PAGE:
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Churches told to catch up - The Mercury

Published: 2 December 2017

IT’S time for the churches to catch up with the science of sexual orientation and gender diversity, retired High Court justice Michael Kirby says.

Mr Kirby, the nation’s first openly gay judge and a self-described “old-fashioned Anglican”, told the Australian Association of Social Workers national symposium in Hobart yesterday that the recentmarriage equality postal survey had a silver lining.

“The flawed process had a silver lining and that was the outcome,” he said. “It’s a good thing that we had such an affirmative vote, but especially that it was right across Australia ... It happened through people standing up, it happened bottom up.” Nationally, the Yes vote was 61.6 per cent and in Tasmania it was 63.6 per cent.

“It happened because people came to the view that this is just irrational to hate people for something which they don’t choose and can’t change — it’s not rational, it’s not scientific,” Mr Kirby said.

“We’ve had the science of sexual orientation and gender diversity, we’ve had that for 40 years now and ... it’s about time, with respect, that the churches caught up with this.

“These are churches that preach the principle of love for one another, and reconciliation, and the unity of the human family, but all of them except the Quakers and the Uniting Church — and the Uniting is divided — all of them were against the ... postal survey.” Mr Kirby said his partner of 48 years, Johan van Vloten, urged him to make their relationship public in 1997 when Mr Kirby was a High Court justice.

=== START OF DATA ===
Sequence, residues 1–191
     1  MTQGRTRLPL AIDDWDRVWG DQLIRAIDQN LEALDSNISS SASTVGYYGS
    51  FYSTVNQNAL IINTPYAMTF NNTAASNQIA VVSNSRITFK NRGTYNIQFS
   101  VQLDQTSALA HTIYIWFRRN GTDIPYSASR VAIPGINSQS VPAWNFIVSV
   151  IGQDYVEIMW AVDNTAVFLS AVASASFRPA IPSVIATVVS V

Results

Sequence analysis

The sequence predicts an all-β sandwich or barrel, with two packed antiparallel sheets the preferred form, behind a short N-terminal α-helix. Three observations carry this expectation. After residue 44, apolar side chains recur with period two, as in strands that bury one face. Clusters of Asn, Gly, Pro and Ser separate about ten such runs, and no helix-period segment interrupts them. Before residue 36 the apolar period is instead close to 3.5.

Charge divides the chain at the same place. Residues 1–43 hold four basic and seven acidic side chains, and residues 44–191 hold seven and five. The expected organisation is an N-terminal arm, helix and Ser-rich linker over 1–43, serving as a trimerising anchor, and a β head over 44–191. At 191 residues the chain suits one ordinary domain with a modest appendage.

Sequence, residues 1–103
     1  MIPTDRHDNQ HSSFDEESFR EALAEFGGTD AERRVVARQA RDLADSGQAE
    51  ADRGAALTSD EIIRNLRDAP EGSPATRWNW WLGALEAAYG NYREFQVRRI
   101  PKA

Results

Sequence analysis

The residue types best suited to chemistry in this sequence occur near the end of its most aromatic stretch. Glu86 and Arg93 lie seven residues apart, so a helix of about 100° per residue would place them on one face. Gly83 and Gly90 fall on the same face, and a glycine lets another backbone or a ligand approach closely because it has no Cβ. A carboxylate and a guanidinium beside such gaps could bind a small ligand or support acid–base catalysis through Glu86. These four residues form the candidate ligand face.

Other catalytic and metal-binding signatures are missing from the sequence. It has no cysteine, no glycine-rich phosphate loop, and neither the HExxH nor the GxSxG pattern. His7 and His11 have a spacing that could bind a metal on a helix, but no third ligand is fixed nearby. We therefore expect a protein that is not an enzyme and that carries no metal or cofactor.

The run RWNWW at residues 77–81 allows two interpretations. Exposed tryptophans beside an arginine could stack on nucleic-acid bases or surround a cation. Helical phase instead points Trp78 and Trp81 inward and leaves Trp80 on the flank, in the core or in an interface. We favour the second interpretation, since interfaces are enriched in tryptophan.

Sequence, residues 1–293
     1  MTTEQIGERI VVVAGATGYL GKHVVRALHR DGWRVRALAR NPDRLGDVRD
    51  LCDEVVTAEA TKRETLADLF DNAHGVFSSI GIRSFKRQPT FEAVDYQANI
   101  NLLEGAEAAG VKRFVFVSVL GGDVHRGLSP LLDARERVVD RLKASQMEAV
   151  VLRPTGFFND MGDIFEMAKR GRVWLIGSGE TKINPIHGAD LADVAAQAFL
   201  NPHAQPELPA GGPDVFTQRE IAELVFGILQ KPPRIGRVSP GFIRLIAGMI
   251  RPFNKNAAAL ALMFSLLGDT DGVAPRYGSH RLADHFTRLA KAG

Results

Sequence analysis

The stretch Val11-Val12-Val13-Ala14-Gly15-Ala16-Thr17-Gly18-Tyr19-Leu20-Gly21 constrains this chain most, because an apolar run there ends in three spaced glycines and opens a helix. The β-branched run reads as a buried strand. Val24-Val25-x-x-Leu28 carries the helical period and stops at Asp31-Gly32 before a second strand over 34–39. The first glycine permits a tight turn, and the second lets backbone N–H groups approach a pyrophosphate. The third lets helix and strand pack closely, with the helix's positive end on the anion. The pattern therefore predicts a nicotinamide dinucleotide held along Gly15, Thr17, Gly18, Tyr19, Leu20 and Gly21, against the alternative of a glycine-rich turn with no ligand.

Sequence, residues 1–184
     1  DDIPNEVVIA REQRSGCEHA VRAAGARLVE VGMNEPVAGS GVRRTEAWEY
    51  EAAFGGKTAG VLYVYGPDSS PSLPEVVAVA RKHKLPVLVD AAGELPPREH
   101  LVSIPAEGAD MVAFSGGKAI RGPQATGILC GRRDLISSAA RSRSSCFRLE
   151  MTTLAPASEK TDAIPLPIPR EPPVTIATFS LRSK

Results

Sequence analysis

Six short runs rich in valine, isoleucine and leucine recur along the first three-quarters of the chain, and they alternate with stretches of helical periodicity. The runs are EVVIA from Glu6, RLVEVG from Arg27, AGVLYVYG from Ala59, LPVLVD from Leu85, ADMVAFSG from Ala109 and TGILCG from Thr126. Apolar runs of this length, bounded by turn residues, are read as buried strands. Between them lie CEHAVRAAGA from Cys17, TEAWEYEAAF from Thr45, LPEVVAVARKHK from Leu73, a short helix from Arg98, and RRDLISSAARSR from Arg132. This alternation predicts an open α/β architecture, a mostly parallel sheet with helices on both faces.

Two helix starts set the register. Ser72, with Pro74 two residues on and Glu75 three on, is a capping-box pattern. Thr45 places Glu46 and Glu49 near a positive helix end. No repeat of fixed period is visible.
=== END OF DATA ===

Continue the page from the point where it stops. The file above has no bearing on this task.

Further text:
“[He said] we owe it to the young people to stand up and be counted,” Mr Kirby said.

He said engaging people and helping them speak for themselves was the best way to encourage progress in society.

“Changing the law is one thing but then you’ve got to work to change the attitudes in society, and this is so for many disadvantaged groups, and it isn’t over for refugees, and it isn’t over for gays, and it isn’t over for the Aboriginal people, and it isn’t over for people of different racial groups, and it isn’t over for the disabled ... these are ongoing struggles.”For the LGBTIQ community, Mr Kirby said the biggest issue was stopping the violence and cruelty towards its members around the world.

AASW - Australian Association of Social Workers